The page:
How an Audiobook Persuaded Me to Thru-Hike the PCT

There were mere days remaining of my 2013 Appalachian Trail thru-hike. My mind was made up – I was never doing another thru-hike.

Four years later I listened to my first audiobook.

And within hours, I was planning my 2018 thru-hike of the Pacific Crest Trail.

The Back-Story

Thru-hiking the AT was the toughest and most rewarding challenge of my life. And it still is four years later. But when fellow hikers inquired on future thru-hiking plans in those last days on the trail, I quickly replied, “Never.”

image of thru-hiker hiking the Appalachian Trail in the White Mountains, New HampshireI wasn’t interested in any more multi-month treks, or triple-crowning, or any of that. After the barrage of rain we had that summer, the mass swarms of mosquitoes in southern New England, and the urge to hop in a car and just go home, saying “no way” to another thru-hike was easy.

Don’t get me wrong, I LOVED thru-hiking. The hikers I met along the way and living a simpler, if not tougher daily existence with the sole goal to walk north was life-changing. However, I was perfectly okay with taking on shorter backpacking trips in the future. I did the big one and I thought I was set for life.

I did finish my thru-hike and find a good life post-trail. But, there is something about the trail that makes it impossible to truly let go. I’m living proof that whether it’s 4 days, 4 months, or 4 years, the trail will one day draw you back in.

The Now

My PCT aspirations began when my dad recommended I listen to Gary Sizer’s book, Where’s The Next Shelter? Conveniently, I was about to go on a 10-hour round trip road trip to visit my best friend in New York.

Gary’s recollections of trail life had me reminiscing real hard on my own AT experience. I thought about those early days on the trail and how our first night atop Springer Mountain in our tent, every little sound scared the crap out of me. Or the second day at Hawk Mountain Shelter when we “washed” our clothes because they were “dirty” (ha!).

I remembered the moments we met our closest trail friends. Whether it was taking on the first big climb of Blood Mountain, on Mt. Rogers in a shelter full of people as the winds raged, or in the obscene heat of Pennsylvania making our way through the endless rocks.image of hiker in the white mountains, new hampshire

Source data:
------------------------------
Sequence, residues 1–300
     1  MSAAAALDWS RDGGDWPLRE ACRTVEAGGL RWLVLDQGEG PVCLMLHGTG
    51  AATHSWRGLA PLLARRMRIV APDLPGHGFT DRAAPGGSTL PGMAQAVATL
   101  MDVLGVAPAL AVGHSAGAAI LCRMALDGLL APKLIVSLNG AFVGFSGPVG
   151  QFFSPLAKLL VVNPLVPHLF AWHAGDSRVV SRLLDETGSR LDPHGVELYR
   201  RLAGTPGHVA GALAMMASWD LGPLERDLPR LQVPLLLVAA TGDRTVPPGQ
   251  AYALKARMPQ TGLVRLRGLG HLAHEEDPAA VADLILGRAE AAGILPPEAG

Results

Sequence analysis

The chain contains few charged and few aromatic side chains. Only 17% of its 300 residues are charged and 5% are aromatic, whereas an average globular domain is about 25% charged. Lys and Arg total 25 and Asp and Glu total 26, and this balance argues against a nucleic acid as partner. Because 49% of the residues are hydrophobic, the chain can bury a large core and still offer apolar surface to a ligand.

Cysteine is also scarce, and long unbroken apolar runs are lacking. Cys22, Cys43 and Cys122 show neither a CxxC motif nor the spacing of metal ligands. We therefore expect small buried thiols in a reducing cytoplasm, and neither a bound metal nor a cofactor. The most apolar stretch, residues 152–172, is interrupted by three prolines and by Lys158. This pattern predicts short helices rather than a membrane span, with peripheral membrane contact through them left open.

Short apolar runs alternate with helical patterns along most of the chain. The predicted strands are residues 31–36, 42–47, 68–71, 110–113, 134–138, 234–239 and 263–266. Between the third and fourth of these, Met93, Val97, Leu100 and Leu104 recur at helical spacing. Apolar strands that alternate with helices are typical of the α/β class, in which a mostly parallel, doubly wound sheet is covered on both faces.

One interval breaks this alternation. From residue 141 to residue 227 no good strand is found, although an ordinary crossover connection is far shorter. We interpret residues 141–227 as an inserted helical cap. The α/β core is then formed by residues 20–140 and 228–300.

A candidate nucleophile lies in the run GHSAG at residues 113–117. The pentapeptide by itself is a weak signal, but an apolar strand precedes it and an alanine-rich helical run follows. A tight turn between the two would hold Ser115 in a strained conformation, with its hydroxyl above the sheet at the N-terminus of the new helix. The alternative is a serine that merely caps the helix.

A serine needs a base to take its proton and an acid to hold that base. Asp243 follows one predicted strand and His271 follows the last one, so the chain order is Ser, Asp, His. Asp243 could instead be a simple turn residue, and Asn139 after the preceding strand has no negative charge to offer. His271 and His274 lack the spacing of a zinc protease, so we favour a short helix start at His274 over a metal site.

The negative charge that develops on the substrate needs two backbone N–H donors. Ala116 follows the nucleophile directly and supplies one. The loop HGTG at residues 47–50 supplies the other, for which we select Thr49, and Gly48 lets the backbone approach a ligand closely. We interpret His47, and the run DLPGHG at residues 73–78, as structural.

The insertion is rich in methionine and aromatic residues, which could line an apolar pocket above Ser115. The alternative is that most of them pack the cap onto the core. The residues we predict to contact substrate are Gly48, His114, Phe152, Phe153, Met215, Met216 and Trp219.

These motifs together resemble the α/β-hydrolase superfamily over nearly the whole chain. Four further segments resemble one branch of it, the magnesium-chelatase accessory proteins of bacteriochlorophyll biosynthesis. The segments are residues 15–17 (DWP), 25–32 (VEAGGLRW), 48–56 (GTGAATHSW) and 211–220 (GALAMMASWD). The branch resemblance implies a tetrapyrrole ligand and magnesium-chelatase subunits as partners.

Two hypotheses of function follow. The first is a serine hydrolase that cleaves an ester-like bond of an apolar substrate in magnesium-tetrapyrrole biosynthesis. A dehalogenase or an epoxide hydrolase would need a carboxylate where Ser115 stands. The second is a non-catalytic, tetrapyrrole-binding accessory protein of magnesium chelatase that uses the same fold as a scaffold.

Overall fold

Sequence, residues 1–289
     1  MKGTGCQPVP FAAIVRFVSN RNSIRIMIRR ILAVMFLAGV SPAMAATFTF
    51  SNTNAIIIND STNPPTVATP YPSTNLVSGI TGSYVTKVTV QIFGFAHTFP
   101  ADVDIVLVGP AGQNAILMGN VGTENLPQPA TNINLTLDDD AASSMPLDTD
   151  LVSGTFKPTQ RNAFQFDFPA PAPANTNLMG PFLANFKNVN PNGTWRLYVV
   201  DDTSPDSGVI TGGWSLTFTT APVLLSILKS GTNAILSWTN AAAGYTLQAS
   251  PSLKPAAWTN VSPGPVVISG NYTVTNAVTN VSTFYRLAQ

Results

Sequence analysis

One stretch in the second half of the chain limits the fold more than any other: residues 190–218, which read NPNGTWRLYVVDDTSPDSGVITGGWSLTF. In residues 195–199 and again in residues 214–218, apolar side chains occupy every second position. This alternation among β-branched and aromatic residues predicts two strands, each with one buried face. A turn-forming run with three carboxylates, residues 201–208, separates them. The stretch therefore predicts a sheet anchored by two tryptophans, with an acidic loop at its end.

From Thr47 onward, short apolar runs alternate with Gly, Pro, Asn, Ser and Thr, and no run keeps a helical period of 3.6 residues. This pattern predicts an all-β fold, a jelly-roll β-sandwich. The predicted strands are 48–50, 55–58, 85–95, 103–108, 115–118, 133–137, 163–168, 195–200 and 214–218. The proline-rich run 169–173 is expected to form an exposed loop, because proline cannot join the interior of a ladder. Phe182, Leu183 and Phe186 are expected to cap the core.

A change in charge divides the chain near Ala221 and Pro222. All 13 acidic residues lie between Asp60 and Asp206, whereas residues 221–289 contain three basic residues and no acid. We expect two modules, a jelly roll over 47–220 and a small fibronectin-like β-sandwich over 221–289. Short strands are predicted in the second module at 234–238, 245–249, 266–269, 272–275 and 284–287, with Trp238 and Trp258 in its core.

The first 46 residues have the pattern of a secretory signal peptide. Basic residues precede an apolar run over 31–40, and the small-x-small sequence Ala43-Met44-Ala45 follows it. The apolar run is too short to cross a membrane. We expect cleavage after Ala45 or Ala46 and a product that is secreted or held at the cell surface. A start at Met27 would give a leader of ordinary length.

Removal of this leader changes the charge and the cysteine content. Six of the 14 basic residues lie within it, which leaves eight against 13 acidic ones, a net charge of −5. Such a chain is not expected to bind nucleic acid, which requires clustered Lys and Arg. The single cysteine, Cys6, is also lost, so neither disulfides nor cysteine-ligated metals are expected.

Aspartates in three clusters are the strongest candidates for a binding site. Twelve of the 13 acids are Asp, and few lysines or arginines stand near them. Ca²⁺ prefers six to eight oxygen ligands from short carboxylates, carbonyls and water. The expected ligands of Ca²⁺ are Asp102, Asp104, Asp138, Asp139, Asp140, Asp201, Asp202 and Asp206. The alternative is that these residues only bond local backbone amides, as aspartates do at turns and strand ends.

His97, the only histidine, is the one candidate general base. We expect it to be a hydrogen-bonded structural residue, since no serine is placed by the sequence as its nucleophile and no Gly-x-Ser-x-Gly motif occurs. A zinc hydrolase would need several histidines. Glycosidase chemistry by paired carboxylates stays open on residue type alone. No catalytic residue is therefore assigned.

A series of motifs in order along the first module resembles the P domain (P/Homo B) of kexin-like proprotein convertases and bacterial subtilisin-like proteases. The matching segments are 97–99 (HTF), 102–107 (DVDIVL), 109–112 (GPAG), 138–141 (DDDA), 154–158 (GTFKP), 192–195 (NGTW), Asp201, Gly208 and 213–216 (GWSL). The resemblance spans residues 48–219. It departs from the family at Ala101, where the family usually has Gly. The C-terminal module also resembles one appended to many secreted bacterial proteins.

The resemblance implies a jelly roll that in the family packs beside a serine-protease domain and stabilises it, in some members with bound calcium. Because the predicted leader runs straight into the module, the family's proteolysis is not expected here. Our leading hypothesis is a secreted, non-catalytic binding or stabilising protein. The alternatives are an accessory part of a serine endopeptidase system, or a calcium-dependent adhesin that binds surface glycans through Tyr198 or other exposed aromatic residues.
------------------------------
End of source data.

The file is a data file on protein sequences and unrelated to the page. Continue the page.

It was these minute moments of laughter, defeat, happiness, frustration, and joy that collided in my mind all at once and created this crazy, pestering thought that I had to get back out there.

The day prior, the PCT wasn’t even an afterthought and the next, I was back full-force into thru-hiker planning mode.

The Fears

image of hiker in the white mountains, new hampshireIn some ways, doing a second long-distance hike is more daunting. For one, I have more “adulting baggage” to leave behind. There’s an apartment, more bills, leaving a reliable job, navigating the murky waters of health insurance, and the most difficult – leaving my cat behind with my parents (thanks mom & dad!).

But I think what I’m most fearful of is comparing the two hikes and the mental defeat that this could cause while on the PCT. I know how different the AT and PCT are from one another. I know that I’m going to be 5 years older. And I know that I’m heading into this hike with way more experience than I had the first time around. But, I still wonder if I will endlessly compare the two hikes, or feel physically different on the trail than I did 5 years ago, and the worst, expecting things to be one way and being completely let down.

The fear of comparison. Is that a thing?!

Fears aside, I am so ready for 2018 and for my plunge back into trail life. There’s a lot to do between now and next spring. And if it’s anything like preparing for the AT, the next 8 months are going to fly by.

Damn it…I’m already comparing hikes.

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Comments 5

  • Gary Sizer : Aug 15th

    Whoa! Lindsey, best of luck!

    I know just how you feel though. I’m itching to get back out there now too. I’ll be following along for sure.

    Happy trails!


    • Lindsey : Aug 15th

      Thanks, Gary! I’ve learned that it’s an itch that you just have to scratch!

  • Half Slow. : Sep 8th

    I enjoyed reading your blog. You are a good writer and I am glad that you are using this gift to give back to the world.
    Like you, I thru hiked PCT in 2015, and now dreaming of getting back out there, wherever that may be. All the feelings and sensations you described were true and real for me , and that I now realized that none of it could be had without the others. They were all parts of the experience. And yes, I too often compared between this and that, but fortunately I often caught myself before a judgement of this is better than that. So I justify it to myself that it is OK to compare and know the difference, but to judge one is better is not so good. I would have to determine what is beauty and what is blase and what is bordering undesirable, and then tell myself that I need to see it all.
    So I hope that you can get sense that it is OK for you to compare and write about it, and pass on the knowledge.
    One thing that really helped me during the 5 months, and now too, is I seek to see beauty even when it is not pretty, and I have a good laugh everyday. ( if I did not have anything to laugh about before I end my day, I tickle myself to sleep. Good luck, and if there is anything you think I can help you with, give me a try. Half Slow.


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